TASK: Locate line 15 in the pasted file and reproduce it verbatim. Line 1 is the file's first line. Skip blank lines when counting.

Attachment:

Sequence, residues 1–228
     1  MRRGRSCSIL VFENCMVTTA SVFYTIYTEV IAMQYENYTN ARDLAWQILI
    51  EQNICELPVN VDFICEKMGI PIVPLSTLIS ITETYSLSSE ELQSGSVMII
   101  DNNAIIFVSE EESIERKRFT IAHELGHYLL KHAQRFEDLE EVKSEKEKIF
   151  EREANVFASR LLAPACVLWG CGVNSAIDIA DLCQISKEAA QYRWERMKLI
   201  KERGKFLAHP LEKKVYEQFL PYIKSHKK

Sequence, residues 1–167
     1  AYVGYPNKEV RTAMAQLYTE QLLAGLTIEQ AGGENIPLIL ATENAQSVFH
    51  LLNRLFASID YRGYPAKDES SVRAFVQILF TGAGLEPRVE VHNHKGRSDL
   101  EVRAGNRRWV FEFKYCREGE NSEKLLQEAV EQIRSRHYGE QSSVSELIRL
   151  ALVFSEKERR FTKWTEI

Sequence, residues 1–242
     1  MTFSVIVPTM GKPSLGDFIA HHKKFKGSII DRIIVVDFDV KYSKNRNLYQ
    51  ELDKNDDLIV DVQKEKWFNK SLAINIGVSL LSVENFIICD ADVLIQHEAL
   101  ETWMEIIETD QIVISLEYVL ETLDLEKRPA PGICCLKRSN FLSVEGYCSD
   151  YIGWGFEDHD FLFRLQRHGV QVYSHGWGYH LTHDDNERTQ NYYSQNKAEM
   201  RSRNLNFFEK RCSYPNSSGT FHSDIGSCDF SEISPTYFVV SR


   101  ETWMEIIETD QIVISLEYVL ETLDLEKRPA PGICCLKRSN FLSVEGYCSD